In a 2001 case, Harris County Appraisal District vs. United Investors Realty Trust, a Texas appeals court found that when there is a conflict between taxation at market value and equal and uniform taxation, equality and uniformity prevail. This means it is more important that taxes be equally and uniformly imposed and collected than it is to arrive at the property's market value when the "corrected" value makes the property a taxation outlier in its competitive set.
A pervasive need
For sure, a tax assessor's job of valuing all land and improvements is daunting, and they must use many data points and much subjectivity to assess values. Given the scope of their job, mistakes in valuation will occur—especially if the valuation incorporates inaccurate data regarding gross building area, square footage, age, condition or other variables.
Because mistakes are inevitable, property tax systems must provide taxpayers with efficient and effective methods of challenging overvaluations. All jurisdictions provide taxpayers the right and some mechanism to contest the assessor's valuation through an administrative and/or judicial process. This procedural right gives taxpayers a means to correct apparent overvaluations and to seek fairness—or at least it provides the opportunity to argue for fairness.
Taxpayers' pursuit of that procedural right most often revolves around valuation and ignores the constitutional requirement of uniformity. Or worse, the available procedure conflates uniformity with valuation by stating that if the assessed value reflects market value, that equates to uniformity. This thinking is only accurate in theory, as achieving market value assessments for all is aspirational but elusive.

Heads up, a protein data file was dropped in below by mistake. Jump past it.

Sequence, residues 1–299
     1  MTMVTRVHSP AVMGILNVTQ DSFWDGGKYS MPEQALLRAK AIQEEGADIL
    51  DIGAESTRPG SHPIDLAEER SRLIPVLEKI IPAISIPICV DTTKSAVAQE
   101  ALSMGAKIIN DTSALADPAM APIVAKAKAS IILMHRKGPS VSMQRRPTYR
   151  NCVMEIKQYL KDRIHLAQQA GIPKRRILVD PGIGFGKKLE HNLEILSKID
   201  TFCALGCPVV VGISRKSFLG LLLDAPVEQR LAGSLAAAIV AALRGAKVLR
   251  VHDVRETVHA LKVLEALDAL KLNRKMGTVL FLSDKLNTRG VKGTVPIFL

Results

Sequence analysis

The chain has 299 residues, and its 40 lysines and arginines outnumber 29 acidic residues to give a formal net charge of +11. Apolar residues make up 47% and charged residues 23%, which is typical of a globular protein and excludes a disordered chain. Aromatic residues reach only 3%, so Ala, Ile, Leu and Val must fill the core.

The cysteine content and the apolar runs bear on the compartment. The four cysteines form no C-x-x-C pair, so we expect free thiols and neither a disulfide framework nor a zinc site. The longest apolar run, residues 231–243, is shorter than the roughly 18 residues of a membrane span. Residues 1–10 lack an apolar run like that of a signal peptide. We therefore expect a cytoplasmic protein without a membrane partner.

If taxpayers in every jurisdiction could argue a solution along the lines of Texas' defense, it would ensure uniform and equal taxation for all.
Many times, an appeal board hearing a valuation complaint will require either evidence of a recent sale of the subject property or an appraisal report before it will adjust an assessor's valuation. However, sales are often unavailable and appraisal reports can be expensive. Given the cost of appraisals, owners of lower value real estate must often weigh cost versus potential tax savings before deciding whether to hire an appraiser and contest an unfair assessment.
Fairness across the assessor's jurisdiction must be the paramount goal. The defenses or means of redress provided by Georgia and Texas are vital to ensure that taxpayers have access to a constitutionally mandated equal and uniform valuation. These statutory provisions provide a cost-effective method for taxpayers to challenge an overvaluation.
Constitutions that provide an equal and uniform defense give taxpayers fair and equitable access to assessors' valuation systems and promote equal and uniform taxation. Expanded taxpayer access and improved assessor responsiveness promotes trust in government.
Every jurisdiction should follow these examples to provide taxpayers an equal and uniform defense.